Monitoring press freedom and international affairs from Mid-Missouri Public Radio and the Missouri School of Journalism

Afghanistan arrests 8 in bomb attack on TV staffers

25 January 2016
Hasib Sadat, an Afghan journalist injured from yesterday's suicide attack near the Russian Embassy, lays on a bed at a hospital in Kabul, Afghanistan, Jan. 21, 2016. A deadly Taliban attack on a bus carrying employees of Afghanistan’s biggest TV station drew widespread condemnation on Thursday as an attack on freedom of speech and the country’s young and fragile media sector. A suicide bomber struck the minibus with workers from Tolo TV, owned by the private Moby Group, the country’s biggest media organization. (AP Photo/Rahmat Gul)

Afghan officials have arrested eight members of the country's militant Haqqani network in connection with a Jan. 20 suicide bombing that killed seven staffers from an Afghan television station in Kabul.

The bomber rammed an explosives-laden car into a minibus carrying journalists and other staff from the country's Tolo TV Jan. 20, according to the station and news reports. Another 26 people were injured, many of them station staffers.

The arrests of members of the Taliban-linked group were reported Jan. 22, and came three months after the group vowed to target Tolo TV and another Afghan network for reporting alleged atrocities committed by the Taliban during fighting in the city of Kunduz.

After the Taliban briefly captured Kunduz in September, Tolo TV reported that members of the group raped girls in a student hostel in the city. The Taliban issued a statement denying the report, calling it "shameless propaganda" and designated Tolo, the country's largest TV network, a "military objective."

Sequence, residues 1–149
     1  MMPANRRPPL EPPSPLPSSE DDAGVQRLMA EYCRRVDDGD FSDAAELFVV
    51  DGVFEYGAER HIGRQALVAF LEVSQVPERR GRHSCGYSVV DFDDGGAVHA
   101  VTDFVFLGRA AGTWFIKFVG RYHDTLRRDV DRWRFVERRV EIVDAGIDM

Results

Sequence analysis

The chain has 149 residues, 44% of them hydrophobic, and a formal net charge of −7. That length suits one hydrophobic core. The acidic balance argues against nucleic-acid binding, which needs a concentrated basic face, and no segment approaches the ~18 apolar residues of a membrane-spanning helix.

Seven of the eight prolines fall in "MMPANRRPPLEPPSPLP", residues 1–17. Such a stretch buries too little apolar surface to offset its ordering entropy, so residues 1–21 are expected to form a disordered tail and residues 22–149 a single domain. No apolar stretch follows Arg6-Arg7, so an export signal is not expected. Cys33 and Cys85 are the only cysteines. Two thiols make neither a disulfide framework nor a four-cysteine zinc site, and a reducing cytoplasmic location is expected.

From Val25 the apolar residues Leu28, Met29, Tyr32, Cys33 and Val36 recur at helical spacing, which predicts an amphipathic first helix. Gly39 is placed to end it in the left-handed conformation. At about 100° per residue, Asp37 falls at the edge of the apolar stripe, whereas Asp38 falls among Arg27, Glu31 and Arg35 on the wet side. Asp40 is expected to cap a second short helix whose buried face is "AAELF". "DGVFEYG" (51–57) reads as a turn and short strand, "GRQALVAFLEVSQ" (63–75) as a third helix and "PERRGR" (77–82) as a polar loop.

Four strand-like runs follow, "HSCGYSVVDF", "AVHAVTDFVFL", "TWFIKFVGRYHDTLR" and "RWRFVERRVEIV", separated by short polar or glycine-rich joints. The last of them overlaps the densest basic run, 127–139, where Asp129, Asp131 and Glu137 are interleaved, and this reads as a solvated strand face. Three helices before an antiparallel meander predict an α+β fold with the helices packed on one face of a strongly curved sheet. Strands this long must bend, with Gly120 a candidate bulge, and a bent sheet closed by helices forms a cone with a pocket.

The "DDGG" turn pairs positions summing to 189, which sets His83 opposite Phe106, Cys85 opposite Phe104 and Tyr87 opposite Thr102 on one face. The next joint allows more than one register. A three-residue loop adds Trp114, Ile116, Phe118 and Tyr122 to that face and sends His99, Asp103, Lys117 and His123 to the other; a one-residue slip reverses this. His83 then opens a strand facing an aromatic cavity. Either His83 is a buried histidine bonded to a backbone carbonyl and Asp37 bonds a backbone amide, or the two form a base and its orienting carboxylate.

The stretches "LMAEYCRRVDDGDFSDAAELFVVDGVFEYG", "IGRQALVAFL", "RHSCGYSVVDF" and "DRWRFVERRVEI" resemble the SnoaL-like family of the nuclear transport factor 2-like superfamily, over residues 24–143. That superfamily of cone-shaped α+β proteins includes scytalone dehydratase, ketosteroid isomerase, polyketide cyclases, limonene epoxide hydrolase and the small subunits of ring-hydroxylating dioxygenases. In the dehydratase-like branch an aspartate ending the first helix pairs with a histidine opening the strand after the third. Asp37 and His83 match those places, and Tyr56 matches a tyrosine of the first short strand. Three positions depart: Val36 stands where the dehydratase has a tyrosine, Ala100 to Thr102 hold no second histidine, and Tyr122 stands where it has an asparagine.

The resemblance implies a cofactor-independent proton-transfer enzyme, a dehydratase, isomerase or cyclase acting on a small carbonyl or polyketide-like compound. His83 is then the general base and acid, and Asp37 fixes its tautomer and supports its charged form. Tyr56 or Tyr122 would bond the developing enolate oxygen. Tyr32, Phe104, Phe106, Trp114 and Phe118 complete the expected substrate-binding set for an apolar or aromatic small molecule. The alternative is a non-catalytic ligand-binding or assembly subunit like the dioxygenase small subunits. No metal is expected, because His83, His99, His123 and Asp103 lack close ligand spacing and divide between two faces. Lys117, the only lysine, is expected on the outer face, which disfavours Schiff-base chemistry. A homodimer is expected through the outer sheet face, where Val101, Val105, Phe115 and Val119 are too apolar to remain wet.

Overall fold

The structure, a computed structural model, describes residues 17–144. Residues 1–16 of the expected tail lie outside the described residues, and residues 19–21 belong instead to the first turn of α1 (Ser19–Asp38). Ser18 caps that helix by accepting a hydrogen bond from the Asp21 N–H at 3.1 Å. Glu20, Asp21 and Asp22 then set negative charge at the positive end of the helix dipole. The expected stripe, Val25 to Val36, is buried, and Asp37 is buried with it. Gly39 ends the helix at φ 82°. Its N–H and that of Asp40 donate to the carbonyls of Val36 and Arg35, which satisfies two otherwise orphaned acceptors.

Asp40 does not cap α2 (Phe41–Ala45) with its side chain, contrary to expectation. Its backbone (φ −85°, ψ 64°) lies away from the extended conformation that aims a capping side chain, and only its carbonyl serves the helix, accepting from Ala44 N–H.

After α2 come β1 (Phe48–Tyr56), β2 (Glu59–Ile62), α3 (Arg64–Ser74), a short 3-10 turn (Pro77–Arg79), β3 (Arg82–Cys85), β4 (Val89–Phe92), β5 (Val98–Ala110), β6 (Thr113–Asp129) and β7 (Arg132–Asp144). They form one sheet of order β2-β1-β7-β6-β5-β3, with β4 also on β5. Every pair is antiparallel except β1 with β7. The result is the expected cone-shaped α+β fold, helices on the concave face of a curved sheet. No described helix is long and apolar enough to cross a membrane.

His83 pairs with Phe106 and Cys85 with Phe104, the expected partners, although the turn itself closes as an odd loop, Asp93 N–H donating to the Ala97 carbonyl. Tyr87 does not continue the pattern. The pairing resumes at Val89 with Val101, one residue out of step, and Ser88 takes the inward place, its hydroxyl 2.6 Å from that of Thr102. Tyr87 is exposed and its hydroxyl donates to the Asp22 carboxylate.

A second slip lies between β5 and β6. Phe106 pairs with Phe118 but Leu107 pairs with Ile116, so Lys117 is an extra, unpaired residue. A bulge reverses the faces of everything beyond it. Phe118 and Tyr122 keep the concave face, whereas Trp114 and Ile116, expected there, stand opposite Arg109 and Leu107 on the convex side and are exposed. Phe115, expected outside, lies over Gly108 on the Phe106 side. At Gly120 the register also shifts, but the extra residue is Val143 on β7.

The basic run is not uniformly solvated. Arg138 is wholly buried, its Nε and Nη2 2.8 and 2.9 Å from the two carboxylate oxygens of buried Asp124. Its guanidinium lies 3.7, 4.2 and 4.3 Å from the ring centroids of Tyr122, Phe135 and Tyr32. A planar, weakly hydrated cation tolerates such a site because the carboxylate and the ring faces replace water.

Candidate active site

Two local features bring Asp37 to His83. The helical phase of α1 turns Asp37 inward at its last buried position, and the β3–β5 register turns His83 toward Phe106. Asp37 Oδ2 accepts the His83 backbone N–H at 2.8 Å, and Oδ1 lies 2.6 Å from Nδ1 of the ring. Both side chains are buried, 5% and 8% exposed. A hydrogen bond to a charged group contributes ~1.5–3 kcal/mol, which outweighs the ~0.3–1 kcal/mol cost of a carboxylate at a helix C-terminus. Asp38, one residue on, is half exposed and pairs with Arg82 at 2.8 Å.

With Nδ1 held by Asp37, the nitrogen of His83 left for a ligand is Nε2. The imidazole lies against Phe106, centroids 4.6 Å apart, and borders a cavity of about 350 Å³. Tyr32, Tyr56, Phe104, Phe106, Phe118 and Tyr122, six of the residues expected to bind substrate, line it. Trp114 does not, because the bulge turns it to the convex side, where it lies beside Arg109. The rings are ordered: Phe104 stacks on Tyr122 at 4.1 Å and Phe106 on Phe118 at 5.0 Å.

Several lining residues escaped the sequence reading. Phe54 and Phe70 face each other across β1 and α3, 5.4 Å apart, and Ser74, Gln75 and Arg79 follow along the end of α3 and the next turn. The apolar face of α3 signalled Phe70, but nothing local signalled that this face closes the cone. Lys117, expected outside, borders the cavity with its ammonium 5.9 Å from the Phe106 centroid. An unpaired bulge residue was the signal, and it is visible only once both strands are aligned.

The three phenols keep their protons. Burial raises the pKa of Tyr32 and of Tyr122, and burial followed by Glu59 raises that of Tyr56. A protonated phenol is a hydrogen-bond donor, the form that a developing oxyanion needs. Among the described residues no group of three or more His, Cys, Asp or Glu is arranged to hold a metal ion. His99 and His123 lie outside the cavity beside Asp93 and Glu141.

After the attack the group issued another statement saying it had "made good on its promise of targeting Tolo TV," which it called an outlet aimed at "promoting obscenity, irreligiousness, foreign culture and nudity."

The attack was condemned by the Afghan government and rights groups including New York-based Human Rights Watch. “The targeting of journalists reflects a depraved strategy to make media freedom a casualty of the ongoing conflict,” said Patricia Gossman, a senior Afghanistan researcher for the group. “Designating journalists and other civilians as ‘military targets’ does not make them so, and deliberately attacking them constitutes a war crime.”

Created in 2004, Tolo TV was the first private news channel in the country and created Afghanistan's first 24-hour news channel.


Monitoring press freedom and international affairs from Mid-Missouri Public Radio and the Missouri School of Journalism.
cameramagnifiercross linkedin facebook pinterest youtube rss twitter instagram facebook-blank rss-blank linkedin-blank pinterest youtube twitter instagram